After more than five years of drought in the western United States, above-average precipitation during the fall and winter months has finally delivered relief in 2017. While careful evaluation of the region’s primary water sources — surface water, snowpack, and groundwater — is still required to fully assess the recovery, California Gov. Jerry Brown officially ended in April the state of emergency in all but a few counties in the state.
To determine the cities that had the most remarkable recoveries, 24/7 Wall St. reviewed 12 months of data for U.S. counties published weekly by the U.S. Drought Monitor. Drought severity ranges from abnormally dry conditions to moderate, severe, extreme, and exceptional levels. Exceptionally dry conditions can lead to widespread crop losses and water emergencies.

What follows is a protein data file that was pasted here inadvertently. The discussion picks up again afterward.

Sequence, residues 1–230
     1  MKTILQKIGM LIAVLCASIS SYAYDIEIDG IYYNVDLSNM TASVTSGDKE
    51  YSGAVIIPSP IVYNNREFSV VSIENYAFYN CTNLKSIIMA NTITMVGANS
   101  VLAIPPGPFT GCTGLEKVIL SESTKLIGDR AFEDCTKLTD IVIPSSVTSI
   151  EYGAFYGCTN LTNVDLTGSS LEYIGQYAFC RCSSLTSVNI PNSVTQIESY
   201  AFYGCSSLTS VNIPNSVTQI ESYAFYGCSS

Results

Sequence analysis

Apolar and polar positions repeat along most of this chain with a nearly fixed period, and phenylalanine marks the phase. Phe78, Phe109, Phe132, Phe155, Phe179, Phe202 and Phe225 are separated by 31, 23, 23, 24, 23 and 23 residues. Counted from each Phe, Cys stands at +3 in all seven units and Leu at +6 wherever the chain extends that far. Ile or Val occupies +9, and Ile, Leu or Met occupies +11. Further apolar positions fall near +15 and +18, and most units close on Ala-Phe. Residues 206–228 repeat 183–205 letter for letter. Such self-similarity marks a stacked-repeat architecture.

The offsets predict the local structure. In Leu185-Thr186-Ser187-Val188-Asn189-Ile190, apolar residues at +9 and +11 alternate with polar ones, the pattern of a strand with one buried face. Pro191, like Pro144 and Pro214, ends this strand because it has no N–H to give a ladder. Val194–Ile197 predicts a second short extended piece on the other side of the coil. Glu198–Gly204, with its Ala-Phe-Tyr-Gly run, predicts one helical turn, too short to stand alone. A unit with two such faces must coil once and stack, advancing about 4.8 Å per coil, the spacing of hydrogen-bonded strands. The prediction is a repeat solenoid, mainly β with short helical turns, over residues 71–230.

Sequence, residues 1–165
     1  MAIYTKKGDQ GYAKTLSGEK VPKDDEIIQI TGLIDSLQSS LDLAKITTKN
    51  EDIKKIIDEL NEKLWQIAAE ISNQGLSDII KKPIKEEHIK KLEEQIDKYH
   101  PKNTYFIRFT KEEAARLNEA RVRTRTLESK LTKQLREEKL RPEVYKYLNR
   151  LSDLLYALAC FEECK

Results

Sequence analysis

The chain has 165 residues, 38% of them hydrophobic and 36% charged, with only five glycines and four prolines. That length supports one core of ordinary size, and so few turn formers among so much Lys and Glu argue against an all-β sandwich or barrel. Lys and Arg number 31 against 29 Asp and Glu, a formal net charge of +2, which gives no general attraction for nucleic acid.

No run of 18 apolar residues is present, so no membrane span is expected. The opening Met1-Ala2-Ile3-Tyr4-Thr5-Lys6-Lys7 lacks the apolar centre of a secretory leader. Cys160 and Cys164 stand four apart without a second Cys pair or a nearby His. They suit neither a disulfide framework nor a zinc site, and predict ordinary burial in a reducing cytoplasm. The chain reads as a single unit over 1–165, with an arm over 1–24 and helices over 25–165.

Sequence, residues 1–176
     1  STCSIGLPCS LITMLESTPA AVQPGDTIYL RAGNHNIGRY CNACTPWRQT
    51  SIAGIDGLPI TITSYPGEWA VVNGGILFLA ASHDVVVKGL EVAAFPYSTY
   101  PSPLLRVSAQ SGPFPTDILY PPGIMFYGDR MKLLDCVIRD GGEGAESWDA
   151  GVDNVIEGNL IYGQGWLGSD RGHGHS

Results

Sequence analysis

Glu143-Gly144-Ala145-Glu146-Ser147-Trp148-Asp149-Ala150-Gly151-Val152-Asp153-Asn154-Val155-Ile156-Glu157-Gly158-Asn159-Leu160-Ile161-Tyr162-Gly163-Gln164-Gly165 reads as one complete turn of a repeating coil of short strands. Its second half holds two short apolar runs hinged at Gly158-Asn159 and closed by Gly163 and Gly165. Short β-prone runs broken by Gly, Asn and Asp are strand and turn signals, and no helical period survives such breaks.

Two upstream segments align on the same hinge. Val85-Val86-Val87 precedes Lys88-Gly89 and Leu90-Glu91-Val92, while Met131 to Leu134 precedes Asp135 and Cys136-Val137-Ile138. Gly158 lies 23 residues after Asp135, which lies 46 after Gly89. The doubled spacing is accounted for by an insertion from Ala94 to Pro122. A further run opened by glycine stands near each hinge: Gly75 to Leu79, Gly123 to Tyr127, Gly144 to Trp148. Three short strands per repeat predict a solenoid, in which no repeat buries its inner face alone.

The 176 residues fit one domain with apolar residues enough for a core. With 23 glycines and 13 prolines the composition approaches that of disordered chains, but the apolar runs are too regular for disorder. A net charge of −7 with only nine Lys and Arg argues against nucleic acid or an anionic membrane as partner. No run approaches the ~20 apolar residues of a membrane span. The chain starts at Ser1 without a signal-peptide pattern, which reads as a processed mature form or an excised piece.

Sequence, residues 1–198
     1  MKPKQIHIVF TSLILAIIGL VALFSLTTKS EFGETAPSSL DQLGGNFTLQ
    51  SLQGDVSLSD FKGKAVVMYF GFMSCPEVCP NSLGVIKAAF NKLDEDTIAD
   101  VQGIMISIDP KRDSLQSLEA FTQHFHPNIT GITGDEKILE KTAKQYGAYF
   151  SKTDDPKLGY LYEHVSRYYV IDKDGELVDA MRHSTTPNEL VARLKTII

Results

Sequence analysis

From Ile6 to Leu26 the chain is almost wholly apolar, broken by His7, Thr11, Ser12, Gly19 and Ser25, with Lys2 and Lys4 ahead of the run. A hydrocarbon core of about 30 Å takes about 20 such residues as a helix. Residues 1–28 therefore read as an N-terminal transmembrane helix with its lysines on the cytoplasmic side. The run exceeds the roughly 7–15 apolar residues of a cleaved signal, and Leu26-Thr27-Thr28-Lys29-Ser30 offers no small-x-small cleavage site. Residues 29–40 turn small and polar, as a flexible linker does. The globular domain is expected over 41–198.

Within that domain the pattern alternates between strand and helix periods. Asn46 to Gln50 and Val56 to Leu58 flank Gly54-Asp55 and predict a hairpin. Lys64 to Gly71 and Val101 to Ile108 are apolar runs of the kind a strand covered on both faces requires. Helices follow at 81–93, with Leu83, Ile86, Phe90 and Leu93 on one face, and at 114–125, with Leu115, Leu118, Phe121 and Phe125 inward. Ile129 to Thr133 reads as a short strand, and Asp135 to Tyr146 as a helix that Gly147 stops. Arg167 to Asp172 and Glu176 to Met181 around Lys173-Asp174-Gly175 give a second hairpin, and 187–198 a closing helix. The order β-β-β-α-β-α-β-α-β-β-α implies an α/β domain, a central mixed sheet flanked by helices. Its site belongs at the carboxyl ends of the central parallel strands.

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Based on the latest Drought Monitor data, around 5% of the United States is in some state of drought, the lowest level ever recorded by the Drought Monitor, which started collecting data in 2000. There are 21 metro areas that recovered remarkably well from drought. In May of last year, 80% or more of the land area in each of these areas were classified as being in severe or worse levels of drought. Today, however, these 19 California and two Nevada metro areas are close to or completely free of drought.